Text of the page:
SumoSalad places leasing entities in voluntary administration over shopping centre rent dispute
Wednesday, June 14, 2017/
SumoSalad’s founder says the game has significantly changed since the healthy food franchise network signed a range of current shopping centre leases, prompting the company to put two leasing entities in voluntary administration as negotiations with landlords over rental terms heat up.
On Tuesday, administrators at were appointed to two companies relating to the lease agreements of SumoSalad stores at Westfield shopping centres.
Chief executive Luke Baylis says 12 to 14 franchises are affected by the decision, but the outlets will continue to trade as normal while administrators renegotiate rental terms with the landlord.
“We want to work amicably with landlords,” he tells SmartCompany.
However, if no resolution is found, Baylis warns “we want to be able to repudiate the leases and exit the sites”. SumoSalad currently operates 104 sites across the country, all of which are trading as usual.
Last month, Baylis told SmartCompany the franchise network was looking to move away from shopping centre sites, citing the difficulties caused by changes in strategy at big malls that have resulted in an over saturation of food options.
This morning he explained the decision to place the leasing entities in voluntary administration comes down to the fact circumstances have significantly changed since the lease agreements were signed.
“What we’re saying is there has been such a major change in strategy in the shopping centres,” he says.
Weak retail sales have seen big landlords pivot towards food as a strategy to secure food traffic, but Baylis believes this has been done without proper planning.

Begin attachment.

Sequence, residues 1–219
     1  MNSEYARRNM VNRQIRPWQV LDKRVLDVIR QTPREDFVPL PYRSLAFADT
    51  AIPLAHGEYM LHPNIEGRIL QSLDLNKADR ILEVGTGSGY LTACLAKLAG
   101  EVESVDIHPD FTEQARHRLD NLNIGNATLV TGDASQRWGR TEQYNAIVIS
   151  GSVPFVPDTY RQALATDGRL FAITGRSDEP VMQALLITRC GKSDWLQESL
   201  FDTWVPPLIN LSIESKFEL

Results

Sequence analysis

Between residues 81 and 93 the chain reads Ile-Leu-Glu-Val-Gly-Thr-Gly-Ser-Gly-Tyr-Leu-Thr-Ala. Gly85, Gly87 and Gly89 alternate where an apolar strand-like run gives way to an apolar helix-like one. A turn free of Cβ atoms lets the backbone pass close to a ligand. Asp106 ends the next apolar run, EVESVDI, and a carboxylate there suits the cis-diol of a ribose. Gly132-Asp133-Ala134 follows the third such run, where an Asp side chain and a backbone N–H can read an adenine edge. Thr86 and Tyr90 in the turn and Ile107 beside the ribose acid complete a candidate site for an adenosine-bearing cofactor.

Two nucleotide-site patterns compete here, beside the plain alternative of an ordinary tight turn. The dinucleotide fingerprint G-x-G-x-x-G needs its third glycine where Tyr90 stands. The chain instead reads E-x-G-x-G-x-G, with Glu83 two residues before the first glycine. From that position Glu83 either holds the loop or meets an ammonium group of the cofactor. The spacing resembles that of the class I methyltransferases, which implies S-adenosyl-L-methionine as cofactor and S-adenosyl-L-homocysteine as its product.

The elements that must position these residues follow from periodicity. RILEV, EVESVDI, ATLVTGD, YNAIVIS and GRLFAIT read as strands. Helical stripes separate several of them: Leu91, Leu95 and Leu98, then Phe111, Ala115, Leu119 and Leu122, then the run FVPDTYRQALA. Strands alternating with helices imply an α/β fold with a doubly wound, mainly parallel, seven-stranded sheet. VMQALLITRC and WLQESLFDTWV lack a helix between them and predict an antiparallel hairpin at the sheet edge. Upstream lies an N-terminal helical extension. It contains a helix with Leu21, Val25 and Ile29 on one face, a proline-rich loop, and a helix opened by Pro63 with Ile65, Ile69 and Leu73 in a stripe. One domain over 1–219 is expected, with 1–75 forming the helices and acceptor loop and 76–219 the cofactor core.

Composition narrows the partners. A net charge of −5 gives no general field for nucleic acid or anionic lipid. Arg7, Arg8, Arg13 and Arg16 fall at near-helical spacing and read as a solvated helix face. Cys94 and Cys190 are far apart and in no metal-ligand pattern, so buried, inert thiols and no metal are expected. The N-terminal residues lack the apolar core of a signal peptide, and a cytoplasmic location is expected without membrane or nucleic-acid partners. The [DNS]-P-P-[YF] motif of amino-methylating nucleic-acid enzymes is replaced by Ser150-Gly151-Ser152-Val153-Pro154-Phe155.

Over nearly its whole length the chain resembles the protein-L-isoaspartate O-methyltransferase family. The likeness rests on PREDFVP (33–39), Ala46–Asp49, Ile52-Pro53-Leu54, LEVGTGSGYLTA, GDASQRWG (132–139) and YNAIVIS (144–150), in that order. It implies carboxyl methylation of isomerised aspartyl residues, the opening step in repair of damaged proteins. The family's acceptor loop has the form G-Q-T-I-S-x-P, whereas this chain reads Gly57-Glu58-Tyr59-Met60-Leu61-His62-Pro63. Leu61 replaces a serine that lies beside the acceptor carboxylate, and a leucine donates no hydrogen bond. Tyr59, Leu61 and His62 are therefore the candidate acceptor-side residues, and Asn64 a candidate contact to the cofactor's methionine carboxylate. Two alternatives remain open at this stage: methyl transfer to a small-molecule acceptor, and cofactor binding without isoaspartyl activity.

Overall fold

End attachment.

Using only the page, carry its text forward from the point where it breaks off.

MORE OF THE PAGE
“I think everyone’s aware that fashion and department stores are under distress,” he says.
“You’re seeing the shopping centres’ main strategy has been food, but there are consequences to that when appropriate sustainability studies haven’t been conducted.
“If you look at how a consumer behaves, a consumer will go to a shopping centre to eat, but they’ll only eat one meal. In a fashion spend, it’s a very different type of purchase — you might go to three or four or five retailers.”
Baylis says despite tough retail conditions, he believes big shopping centre formats are here to stay, but says large landlords need to “be careful” to ensure their terms let smaller tenants stay afloat.
“If the do that well, then everyone can survive,” he says.
Owner of Westfield, ASX-listed Scentre Group, has told Fairfax it works closely with retail partners to resolve trading issues. SmartCompany contacted Scentre Group for further comment but did not receive a response prior to publication.
SMEs have “learned the hard way” about shopping centres
Tensions between small businesses and franchise owners are nothing new, with many business owners previously speaking out about the power imbalances often present in at-times confusing rental negotiations. Others have been locked out of their stores when rent disputes turn sour.
Council of Small Business Australia chief executive Peter Strong says while he had hoped communication between big centres and small businesses had been improving over the past couple of years, he still has one piece of advice for optimistic small business owners wanting to bag space in shopping centres: don’t.
“We always say if you’re going to move into a mall, think about it and then don’t. Independent people have learned the hard way,” Strong says.
Part of the challenge lies in the fact that big entities have entire teams dedicated to negotiating rental agreements, while SME owners tend to come to these conversations while juggling other tasks.
“The first time you go into business, it’s often people going into franchises, you’re excited, you’re trusting. But what usually happens with these [contracts] is a special negotiation team will come from head office, [and] their only job is to negotiate a lease,” Strong says.
Strong says business owners would benefit from a bit more cynicism, because too often enthusiasm gets in the way of negotiating an agreement that is actually fair to the small business.
“People get so excited, you think, ‘oh, I’ll be fine’,” he says.
Commercial lease terms at shopping centres are also tricky to negotiate or change at the moment due to the tough broader conditions in the retail, says Strong.
“The landlords have retail monopolies and too often they’ve acted like that, but at the moment the big landlords are also struggling,” he says.
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